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BOOK REVIEW: FLIGHT TO ST. ANTONY
BY TONY BLACKMAN

We hope you enjoy this book review by Cy Hilterman.



A twin-engine commercial jet airliner is supposed to fly on one engine in the event one engine fails. Tell that to the passengers and crew of Worldwide Airlines flight 442 flying from Londonís Gatwick Airport to the Barbados, carrying passengers and crew of 245. When one engine sputters and has to be shut down the crew felt confident that they could fly on one-engine easily and make their destination. When strange things occur on board the Independent Transport Aircraft Company 831 airplane, the crew still felt they could successfully land the plane. Helen Partridge and Linda Sutcliffe were crew members assigned to the rear area of the airplane. They prepared the passengers as well as possible in case they would have to ditch in the ocean.

When this disastrous ditching occurred, Helen and Linda got the escape shoots down and rushed to get the frightened passengers out of the rapidly sinking body of the airplane. Only 69 had survived in very harrowing conditions. Those in the front area of the airplane had no chance with the water filling fast causing the angle of the inside to be far too steep for anyone in the front to get out. Helen and Linda remembered their emergency training steps very well and were very heroic assisting passengers before they themselves could escape. They didnít feel like heroes since so many died.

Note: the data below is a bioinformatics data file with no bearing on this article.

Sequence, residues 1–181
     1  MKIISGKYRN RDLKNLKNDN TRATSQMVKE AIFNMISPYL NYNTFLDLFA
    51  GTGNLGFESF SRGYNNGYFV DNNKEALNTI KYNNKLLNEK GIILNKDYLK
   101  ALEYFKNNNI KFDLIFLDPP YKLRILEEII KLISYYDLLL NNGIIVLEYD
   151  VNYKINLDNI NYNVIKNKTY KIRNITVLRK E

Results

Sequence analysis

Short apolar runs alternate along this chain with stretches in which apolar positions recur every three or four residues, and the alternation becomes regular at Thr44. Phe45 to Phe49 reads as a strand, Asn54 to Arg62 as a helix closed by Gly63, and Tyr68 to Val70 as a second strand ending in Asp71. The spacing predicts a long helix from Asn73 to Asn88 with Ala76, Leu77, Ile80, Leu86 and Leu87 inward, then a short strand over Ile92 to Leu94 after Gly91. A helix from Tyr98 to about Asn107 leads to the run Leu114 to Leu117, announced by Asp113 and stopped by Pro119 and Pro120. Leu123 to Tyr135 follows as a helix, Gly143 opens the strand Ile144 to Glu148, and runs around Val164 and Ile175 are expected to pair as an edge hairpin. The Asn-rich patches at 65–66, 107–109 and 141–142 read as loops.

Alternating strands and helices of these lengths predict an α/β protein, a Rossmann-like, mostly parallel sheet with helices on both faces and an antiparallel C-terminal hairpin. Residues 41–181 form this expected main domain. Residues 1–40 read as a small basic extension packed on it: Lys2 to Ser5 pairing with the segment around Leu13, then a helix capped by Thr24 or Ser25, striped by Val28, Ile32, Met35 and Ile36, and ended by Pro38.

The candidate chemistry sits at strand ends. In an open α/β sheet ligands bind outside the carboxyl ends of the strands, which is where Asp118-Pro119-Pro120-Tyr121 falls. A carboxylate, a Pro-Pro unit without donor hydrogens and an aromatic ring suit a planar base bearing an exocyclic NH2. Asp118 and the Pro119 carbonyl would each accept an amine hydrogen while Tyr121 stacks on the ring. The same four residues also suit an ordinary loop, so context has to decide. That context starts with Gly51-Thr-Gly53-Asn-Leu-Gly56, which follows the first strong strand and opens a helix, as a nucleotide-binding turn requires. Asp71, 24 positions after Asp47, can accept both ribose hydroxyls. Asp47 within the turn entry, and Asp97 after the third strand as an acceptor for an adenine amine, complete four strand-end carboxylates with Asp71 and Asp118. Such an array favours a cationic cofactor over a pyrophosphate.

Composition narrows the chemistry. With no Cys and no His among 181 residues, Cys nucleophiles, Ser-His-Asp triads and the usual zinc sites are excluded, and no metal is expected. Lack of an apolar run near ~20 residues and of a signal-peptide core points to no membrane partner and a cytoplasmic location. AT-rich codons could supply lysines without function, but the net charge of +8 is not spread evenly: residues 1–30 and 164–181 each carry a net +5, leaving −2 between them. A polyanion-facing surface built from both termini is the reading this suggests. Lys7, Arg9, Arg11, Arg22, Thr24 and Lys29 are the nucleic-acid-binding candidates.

Peter Talbert was a private insurance investigator who was asked by the hull manufacturer to investigate the accident. He was asked to go to St. Antony to find out what actually occurred that caused the flight to have to ditch. Peter dug deep and didnít care how many he might have offended. He was much more than an insurance investigator; he was interested in finding out what did happen during the flight that caused this grievous wreck.

Peter discovered that Helen, who had survived the crash despite being hurt, was still on the island recuperating. He found her and started questioning her in all aspects of the flight. In addition, he became personally very interested in Helen. She was very beautiful and smart, which didnít deter Peter at all. Helen sometimes assisted Peter in his investigation.

As Peter dug deeper, at first trying to find out what was on the flight recorders (orange boxes) to tell him why this plane had to ditch so close to shore. When one of the boxes disappeared, he got more inquisitive and contacted more and more of those that had anything to do with the airplane itself, the mechanics, the crew of this flight and past flights, and of course Helen and Linda.

Any aviation buff will love this story. Even if you donít understand all of the authorís abbreviations, which are listed for your information, the story itself is a terrific mystery that grows and grows to the very end. Tony Blackman is very educated in all particulars of aviation. Being a pilot for years, he became an electronics expert and helped develop some of the in-plane displays and avionic systems in use in various areas of the world.

Tony, you amazed me with your knowledge and especially your way of weaving a mystery that doesnít give the plot away until the very end. Keep these coming. Your writing is great.

REVIEWED BY CY HILTERMAN

DO NOT REPRINT WITHOUT PERMISSION OF THE REVIEWER, CY HILTERMAN


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